The eleventh hour of the eleventh day of the eleventh month

Posted by Tory Historian Tuesday, November 11, 2008

It is ninety years since that fateful hour when the guns fell silent and the hopes of peace, never realized, were born. The last British veteran of the Great War died just a few days ago and, it would seem, that we have lost all direct link with that conflict.

The 1914 - 1918 war changed the world in a way we have not yet fully managed to deal with. The years before 1939, the Second World War, the subsequent battle with Communism, were all the outcome of that earlier conflict. The wars in the Middle East and the Gulf are also the outcomes of it and of the collapse of the empires that had divided the world. We shall live with that for a long time before we can go to another era, no longer the post 1918 one.

For today we must remember the soldiers who died in that conflict and in the many conflicts since and think of those who are fighting in other wars.

They shall grow not old, as we that are left grow old:
Age shall not weary them, nor the years contemn.
At the going down of the sun and in the morning
We will remember them.


  1. Simon Harley Says:
  2. This comment has been removed by the author.  
  3. Simon Harley Says:
  4. Apologies, I missed a big bit out of my post!

    I was somewhat puzzled by the news a few days back about a veteran of the Great War dying. I think it was an Australian, formerly a Briton who had died, but I can't remember. I think you may have been confused by the same report, dare I say it ToryHistorian.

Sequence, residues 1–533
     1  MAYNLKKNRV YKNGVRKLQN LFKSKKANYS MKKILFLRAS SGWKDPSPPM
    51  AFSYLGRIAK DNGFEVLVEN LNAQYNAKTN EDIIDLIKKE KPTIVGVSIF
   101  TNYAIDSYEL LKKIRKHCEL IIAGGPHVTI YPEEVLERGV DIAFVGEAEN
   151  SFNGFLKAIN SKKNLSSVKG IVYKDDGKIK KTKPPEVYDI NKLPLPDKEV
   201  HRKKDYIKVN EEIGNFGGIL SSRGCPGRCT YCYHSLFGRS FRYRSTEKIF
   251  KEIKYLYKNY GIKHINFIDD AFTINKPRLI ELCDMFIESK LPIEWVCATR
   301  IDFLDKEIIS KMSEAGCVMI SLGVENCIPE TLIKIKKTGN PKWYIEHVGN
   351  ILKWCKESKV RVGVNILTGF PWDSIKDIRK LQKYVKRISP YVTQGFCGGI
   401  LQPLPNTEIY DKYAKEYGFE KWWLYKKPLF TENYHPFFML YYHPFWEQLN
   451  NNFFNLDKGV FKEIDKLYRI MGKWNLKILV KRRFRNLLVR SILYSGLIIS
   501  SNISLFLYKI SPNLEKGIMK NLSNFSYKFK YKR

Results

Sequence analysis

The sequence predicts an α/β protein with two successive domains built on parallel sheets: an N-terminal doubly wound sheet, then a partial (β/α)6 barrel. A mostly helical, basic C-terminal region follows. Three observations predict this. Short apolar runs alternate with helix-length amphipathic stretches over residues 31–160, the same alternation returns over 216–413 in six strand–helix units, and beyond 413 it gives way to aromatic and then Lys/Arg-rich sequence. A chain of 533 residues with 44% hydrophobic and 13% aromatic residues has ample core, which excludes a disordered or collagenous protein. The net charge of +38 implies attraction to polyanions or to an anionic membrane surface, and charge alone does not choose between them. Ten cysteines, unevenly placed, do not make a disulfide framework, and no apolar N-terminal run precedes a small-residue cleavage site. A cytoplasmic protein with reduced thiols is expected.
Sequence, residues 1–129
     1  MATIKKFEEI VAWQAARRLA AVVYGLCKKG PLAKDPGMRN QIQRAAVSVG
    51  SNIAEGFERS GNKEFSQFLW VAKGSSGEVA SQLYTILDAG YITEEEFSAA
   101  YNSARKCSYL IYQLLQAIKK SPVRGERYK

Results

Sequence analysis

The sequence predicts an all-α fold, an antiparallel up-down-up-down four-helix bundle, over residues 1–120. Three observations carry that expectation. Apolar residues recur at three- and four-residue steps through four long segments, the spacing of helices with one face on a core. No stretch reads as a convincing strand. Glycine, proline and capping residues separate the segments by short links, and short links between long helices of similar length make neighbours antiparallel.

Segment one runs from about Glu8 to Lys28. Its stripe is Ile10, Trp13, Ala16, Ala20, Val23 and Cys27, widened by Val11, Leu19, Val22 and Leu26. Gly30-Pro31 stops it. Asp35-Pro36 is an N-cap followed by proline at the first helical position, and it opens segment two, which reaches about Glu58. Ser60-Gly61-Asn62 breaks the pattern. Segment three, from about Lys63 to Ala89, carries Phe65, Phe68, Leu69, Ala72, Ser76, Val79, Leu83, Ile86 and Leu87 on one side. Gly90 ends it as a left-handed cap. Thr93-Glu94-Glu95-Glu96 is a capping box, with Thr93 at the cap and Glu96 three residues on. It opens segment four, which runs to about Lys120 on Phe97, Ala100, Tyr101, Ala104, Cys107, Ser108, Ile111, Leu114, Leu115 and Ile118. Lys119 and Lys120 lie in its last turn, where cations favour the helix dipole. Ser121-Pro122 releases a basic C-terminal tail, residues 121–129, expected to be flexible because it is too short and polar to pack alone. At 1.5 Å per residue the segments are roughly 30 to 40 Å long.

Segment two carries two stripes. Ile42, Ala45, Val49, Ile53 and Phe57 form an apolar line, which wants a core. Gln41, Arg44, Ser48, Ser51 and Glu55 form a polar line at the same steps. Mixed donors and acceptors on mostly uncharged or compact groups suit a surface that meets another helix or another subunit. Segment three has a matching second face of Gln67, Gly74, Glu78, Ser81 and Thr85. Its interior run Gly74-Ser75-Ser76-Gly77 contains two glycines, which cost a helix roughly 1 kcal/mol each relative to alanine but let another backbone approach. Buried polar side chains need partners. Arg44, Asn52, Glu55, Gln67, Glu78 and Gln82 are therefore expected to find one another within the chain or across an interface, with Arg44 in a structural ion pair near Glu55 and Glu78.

Harry Patch, aged 110, fought in the trenches - there is reportedly only one other man alive on Earth who did so. Bill Stone, 108, served as a stoker in both World Wars. Henry Allingham was present at one of the largest naval battles in history, Jutland, is the last surviving member of the Royal Naval Air Service and the last of the founding members of the Royal Air Force. He is also the oldest man in Europe, at 112. The three of them were at the Cenotaph service yesterday. I regret to say I have forgotten who it was, but one of the three, who were all wheelchair bound, attempted to place his poppy wreath himself but could not. Very sad.

    So fortunately, we have not quite lost our last human link with the war! And I rather hope for the sakes of those men we don't lose it for a few more years at least.

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